Between educational props and memorabilia, this series of objects visualises and celebrates the abstract bestiary of the internet and acts as a tangible starting point to discuss our relationship to IT technology.

(via David Benque: Specimens of IT Fauna)

Pictured: “Web Crawler – 200×100×40mm.”

thejogging:

revenge, 2013
nail in hammer
•••

thejogging:

revenge, 2013

nail in hammer

•••

thingsmagazine:

Milton Berle’s Joke File
unconsumption:

What do you do with expired or otherwise unwanted credit cards?
Kristal Romano turns them into wearable art.

unconsumption:

What do you do with expired or otherwise unwanted credit cards?

Kristal Romano turns them into wearable art.

thejogging:

wrong way, 2013
digital photograph
•••

thejogging:

wrong way, 2013

digital photograph

•••

artfoodie:

Robin Antar: The woman who makes me wish food were made out of stone… instead of edible perishable ingredients…

her realistic food sculptures in stone merge traditional techniques with contemporary imagery… its awesome…

artfoodie:

Robin Antar: The woman who makes me wish food were made out of stone… instead of edible perishable ingredients…

her realistic food sculptures in stone merge traditional techniques with contemporary imagery… its awesome…

thingsmagazine:

Chopcycle riders, from the Bruce Pascal Collection of Rare, Unusual and Prototype Hotwheels

junkculture:

Everyday rubbish fabricated entirely from paper

significobs:



Untitled Project: ANY THING YOU WANT  is a fascinating new undertaking from friend of Significant Objects Conrad Bakker. 
 
Bakker has made hand-carved versions of a variety of objects and products — see his site — and that practice continues here with an interesting twist: He will make a hand-carved version of something you used to own: 
 

The world is filled with things. Things that are made, things that are bought and sold, things that are collected and displayed, things that are hidden or lost, things that will all eventually disappear.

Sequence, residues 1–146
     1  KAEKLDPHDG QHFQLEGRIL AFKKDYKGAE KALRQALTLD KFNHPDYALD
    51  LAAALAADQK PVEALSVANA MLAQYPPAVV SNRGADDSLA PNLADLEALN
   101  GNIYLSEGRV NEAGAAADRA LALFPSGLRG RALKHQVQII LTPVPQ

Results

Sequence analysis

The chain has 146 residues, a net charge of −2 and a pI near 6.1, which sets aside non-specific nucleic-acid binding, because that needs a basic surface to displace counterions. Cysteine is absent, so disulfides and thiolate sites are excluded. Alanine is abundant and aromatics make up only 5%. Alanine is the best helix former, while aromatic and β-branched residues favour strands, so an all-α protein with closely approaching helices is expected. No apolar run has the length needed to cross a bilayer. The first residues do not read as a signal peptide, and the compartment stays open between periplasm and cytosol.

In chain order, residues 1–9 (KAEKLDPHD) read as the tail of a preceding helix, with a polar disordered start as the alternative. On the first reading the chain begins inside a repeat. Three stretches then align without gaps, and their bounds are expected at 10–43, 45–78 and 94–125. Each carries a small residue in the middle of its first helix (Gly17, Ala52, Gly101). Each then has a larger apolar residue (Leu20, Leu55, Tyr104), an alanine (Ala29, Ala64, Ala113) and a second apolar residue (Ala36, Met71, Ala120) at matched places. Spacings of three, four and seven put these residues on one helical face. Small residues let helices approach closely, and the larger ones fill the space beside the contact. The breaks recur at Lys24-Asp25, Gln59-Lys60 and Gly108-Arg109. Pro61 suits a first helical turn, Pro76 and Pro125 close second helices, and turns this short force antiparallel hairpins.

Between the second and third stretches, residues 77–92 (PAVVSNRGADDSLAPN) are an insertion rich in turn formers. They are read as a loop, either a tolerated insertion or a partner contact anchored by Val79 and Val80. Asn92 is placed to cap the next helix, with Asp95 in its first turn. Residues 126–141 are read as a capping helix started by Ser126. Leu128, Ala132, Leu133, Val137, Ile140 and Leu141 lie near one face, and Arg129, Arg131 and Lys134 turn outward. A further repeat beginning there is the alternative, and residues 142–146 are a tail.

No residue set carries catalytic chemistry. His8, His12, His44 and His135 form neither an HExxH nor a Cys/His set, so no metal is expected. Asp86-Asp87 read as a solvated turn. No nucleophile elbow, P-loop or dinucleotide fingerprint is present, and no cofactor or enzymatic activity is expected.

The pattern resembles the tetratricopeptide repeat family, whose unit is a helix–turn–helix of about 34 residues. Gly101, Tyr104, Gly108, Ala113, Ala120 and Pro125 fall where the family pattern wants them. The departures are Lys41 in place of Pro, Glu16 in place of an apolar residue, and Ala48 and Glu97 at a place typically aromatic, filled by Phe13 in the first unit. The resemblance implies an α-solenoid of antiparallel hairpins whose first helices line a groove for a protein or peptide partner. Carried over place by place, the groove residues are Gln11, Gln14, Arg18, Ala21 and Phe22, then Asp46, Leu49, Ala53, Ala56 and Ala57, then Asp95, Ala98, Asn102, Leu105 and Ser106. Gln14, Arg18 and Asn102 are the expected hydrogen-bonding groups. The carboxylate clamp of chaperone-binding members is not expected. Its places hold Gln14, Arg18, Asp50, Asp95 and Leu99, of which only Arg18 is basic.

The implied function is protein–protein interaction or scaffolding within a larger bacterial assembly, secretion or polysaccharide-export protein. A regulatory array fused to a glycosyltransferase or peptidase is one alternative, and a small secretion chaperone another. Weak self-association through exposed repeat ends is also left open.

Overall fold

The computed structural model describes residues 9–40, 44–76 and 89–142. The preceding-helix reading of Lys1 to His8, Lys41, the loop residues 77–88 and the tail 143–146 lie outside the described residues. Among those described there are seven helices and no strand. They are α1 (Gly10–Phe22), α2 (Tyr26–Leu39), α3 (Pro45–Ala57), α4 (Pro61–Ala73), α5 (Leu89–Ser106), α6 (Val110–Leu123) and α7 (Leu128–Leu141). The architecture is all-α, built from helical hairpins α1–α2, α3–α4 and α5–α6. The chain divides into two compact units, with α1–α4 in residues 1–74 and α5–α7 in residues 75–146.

These things reveal themselves to us through their uses and their physical matter, but also through their absences. Consider that pocketknife lost while camping, that coveted designer handbag that was never purchased, the classic rock album thrown away by a careless parent, or that dog-eared copy of Walden that was lent to a friend who has yet to give it back. These unavailable things have the capacity to generate a provocative negative space in our daily lives that can slowly turn into a demanding absence. 
 
Untitled Project: ANY THING YOU WANT is designed to help fill your empty space of longing with a real, hand-carved and painted sculpture, a tangible simulation of that specific thing you want. This simulated thing will stand in for and point to the very thing you want even as it foregrounds the absence of the real thing. This project is positioned somewhere between a custom carved/painted sculpture-to-order service and a surrogate replacement agency for lost or missing things. In every way, Untitled Project: ANY THING YOU WANT provides us with an extended opportunity to think about things.




More here: Untitled Project: ANY THING YOU WANT (pdf) 
And/or here: UNTITLED PROJECT: ANY THING YOU WANT

significobs:

Untitled Project: ANY THING YOU WANT  is a fascinating new undertaking from friend of Significant Objects Conrad Bakker.

 

Bakker has made hand-carved versions of a variety of objects and products — see his site — and that practice continues here with an interesting twist: He will make a hand-carved version of something you used to own:

 

The world is filled with things. Things that are made, things that are bought and sold, things that are collected and displayed, things that are hidden or lost, things that will all eventually disappear.